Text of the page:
The country's largest circulation daily Helsingin Sanomat starts out the week with tragic news. A young man who had gone missing last Thursday from the Helsinki island district of Lauttasaari was found dead on Sunday evening. Divers from the Finnish Coast Guard recovered the body of 18-year-old Rasmus Räsänen three kilometres south of Lauttasaari, near an island called Melkki. Räsänen disappeared on Thursday morning, after he told his family he was going out for a ski on the ice. In a Facebook post, his mother thanked everyone who had participated in the weekend's massive search and rescue operation.
Importance of a good night's sleep
The paper goes on to cover a new study that shows that people in Finland are now sleeping one hour less on average than they did in the 1970s. Finnish researchers find this worrying. Professor of clinical neurophysiology at Kuopio University Esa Mervaala says the number of patients with sleep problems in Finland is growing exponentially.
"It's connected to our contemporary hectic lives," he tells HS. "It disturbs our sleeping rhythms. This creates all kinds of symptoms and ailments during the day."
In order to wake up refreshed, research has shown that 20 percent of our nightly sleep cycle should be periods of REM (rapid eye movement). REM deprivation causes mild psychological disturbances, such as anxiety, irritability, hallucinations, and difficulty concentrating.
New research shows that the brain actually clears itself out during these REM periods, as spinal cord fluid circulation improves and cleanses metabolites such as amyloids (the build-up of which is linked to Alzheimer's disease) from the brain's cell membrane.
"New imaging methods have proven that accumulation disappears after a good night's sleep, when the brain is cleaned up and refreshed. We wake up ready to process new data. This is why sleep is so important," Mervaala says.
30 percent more violent deaths in Finland
The tabloid Iltalehti features a "mega-investigation" into violence, comparing statistics from Finland with Sweden. The comparison finds that Finland is clearly the country with the most violent crimes leading to death among the Nordics. Finland has 30 percent more of these kinds of violent deaths than Sweden, IL finds. Investigator Martti Lehti from Helsinki University's criminology department says the gaping difference can be explained almost entirely by alcohol-related violence perpetrated by men.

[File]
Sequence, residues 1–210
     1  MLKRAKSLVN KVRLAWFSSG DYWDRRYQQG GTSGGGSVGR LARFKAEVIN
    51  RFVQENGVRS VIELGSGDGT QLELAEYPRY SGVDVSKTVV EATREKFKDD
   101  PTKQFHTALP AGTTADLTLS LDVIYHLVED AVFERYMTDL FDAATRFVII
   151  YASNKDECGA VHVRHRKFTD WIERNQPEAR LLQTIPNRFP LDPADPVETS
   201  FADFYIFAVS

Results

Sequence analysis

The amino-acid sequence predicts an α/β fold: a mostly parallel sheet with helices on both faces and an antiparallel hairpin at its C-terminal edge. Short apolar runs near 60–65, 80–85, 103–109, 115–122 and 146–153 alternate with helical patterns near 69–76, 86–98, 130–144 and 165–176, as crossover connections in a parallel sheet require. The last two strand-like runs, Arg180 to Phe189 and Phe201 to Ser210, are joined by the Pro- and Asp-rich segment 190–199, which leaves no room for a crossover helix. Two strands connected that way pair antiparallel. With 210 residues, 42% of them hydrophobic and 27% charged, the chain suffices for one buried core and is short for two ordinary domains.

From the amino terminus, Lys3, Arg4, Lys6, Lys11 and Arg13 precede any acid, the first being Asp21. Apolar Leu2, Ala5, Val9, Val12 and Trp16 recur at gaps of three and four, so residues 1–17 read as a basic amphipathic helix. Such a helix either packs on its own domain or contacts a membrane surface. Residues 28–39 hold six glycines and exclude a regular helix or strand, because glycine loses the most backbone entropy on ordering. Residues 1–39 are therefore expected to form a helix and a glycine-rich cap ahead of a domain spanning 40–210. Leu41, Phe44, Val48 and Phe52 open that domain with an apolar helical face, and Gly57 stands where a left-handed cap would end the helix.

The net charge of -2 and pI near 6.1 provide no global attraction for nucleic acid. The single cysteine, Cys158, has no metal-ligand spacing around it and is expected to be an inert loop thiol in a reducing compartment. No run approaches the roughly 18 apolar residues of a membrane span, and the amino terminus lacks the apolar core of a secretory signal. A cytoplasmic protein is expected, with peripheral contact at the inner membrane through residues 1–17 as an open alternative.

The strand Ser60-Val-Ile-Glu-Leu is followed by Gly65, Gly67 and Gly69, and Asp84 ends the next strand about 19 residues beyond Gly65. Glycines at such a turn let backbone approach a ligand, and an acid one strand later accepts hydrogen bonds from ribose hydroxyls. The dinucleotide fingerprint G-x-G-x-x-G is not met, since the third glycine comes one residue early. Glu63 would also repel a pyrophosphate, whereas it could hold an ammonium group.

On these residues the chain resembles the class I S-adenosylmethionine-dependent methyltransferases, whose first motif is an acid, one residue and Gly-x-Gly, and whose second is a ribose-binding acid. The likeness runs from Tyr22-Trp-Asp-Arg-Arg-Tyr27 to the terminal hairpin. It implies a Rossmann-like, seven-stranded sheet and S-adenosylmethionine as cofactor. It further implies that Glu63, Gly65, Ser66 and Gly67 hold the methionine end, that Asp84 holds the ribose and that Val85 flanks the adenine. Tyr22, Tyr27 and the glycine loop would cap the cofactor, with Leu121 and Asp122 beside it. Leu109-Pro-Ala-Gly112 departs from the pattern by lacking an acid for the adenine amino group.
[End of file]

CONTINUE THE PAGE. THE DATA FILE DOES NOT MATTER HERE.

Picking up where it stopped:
The situation used to be much worse in both countries, IL reports, but the incidence of violent crimes in both neighbours fell consistently for decades. Now violent crimes associated with conflicts between criminal organisations are back on the rise in Sweden. A Swedish crime researcher tells IL that this is most evident in statistics that reveal that 69 percent of violent crimes in Sweden is now concentrated in urban areas like Stockholm, Gothenburg and Malmö.
MPs still divided on fur trade
And the Oulu-based newspaper Kaleva supplies the last entry in Monday's press review: a survey of Finland's MPs on fur farming.
Amid news that Norway's new government is planning to discontinue the Norwegian fur trade by the year 2025, a Lännen Media poll of Finnish decision-makers shows that 60 percent are still in favour of continuing fur farming in Finland. 101 parliamentarians responded to the poll between January 23 and February 9.
Only 20 percent of the Finnish MPs polled considered the farming of animals for their fur ethically sustainable, however, and over half agreed that steps should be taken to improve fur farming methods. The survey showed that the Greens, Left Alliance and Social Democrats (SDP) were in favour of slowly phasing out the trade in Finland, while MPs from the other parties tended to be okay with the profitable export business continuing.
The paper says that even if the survey shows that close to two-thirds of Finland's parliamentarians aren't interested in closing down Finland's fur trade, the latest polls showing the SDP and Greens enjoying increasing voter support might put them in power after the next parliamentary election, meaning things could change quickly.